People rally in Charleston against family separation immigration policy

Source: Live 5 News
Source: Live 5 News
Source: Live 5 News
Source: Live 5 News

CHARLESTON, SC (WCSC) - On Wednesday afternoon, President Donald Trump signed an executive order ending the policy of separating children at the border with Mexico.

The 'no tolerance' policy criminally prosecutes all adults crossing the Southwest border which led to children being separated from their parents.

The National Action Network hosted a rally at the Custom House in Downtown Charleston to protest the policy before it was overturned.

"At a young age, I'm sure I got lost in the supermarket once or twice and that was a terrifying experience," said 16-year-old Owen Millers who protested on Wednesday."So I can hardly imagine how awful it is to be so young and susceptible and have someone rip you from the arms of your parents and take you to an unknown land."

Several people gathered with signs as they spoke out.

"It's just a nightmare to see this happening as a mother, as a social worker, as a community member," said one woman at the protest.

So far nearly 2,000 children were separated from their parents over the course of six weeks.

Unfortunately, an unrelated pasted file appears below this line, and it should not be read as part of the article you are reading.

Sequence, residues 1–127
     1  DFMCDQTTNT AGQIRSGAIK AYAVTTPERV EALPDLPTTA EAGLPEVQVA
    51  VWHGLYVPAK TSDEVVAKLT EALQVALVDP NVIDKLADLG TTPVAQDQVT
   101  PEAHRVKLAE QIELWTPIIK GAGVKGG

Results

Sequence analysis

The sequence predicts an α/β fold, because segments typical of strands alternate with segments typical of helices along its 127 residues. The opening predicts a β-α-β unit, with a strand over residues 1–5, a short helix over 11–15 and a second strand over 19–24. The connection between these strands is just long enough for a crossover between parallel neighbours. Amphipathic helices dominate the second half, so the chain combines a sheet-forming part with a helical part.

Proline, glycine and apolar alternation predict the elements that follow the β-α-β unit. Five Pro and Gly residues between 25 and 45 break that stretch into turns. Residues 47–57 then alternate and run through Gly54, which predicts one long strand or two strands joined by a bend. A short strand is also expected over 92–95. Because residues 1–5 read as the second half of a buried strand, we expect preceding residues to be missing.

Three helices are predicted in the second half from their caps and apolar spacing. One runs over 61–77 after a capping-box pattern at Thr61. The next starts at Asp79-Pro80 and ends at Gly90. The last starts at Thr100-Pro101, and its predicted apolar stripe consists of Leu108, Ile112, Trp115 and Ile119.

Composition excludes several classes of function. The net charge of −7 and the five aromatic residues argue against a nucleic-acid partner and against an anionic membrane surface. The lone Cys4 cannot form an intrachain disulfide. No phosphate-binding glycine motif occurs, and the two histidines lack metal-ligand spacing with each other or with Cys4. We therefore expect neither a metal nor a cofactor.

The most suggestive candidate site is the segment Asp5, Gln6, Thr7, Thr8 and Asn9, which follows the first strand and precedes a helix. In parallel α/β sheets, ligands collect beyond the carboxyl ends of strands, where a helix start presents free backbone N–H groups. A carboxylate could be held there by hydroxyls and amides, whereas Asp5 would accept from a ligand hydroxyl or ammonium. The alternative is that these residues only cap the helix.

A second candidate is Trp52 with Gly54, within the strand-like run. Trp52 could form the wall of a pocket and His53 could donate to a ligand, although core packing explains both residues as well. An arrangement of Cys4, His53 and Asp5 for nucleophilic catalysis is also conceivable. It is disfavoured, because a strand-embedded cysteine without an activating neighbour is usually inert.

Five children who were separated at the US-Mexico border are currently in South Carolina foster homes through Lutheran Services Carolinas.

The children in South Carolina range in age from 7 to 11.

Lutheran Services Carolinas say they try to provide the children with an experience that other children would have.

They attend school with a Spanish speaking staff, go on field trips and have access to therapy.

They are often traumatized by the separation and have access to mental health services.

Just a few hours after the rally ended, President Donald Trump signed his executive order to keep families together.

South Carolina Governor Henry McMaster expressed his support for the policy during a recent visit to Charleston.

The zero tolerance policy will still be in place.

All adults caught crossing the border illegally will be prosecuted.

The order will aim to keep families together while the parents are in custody.

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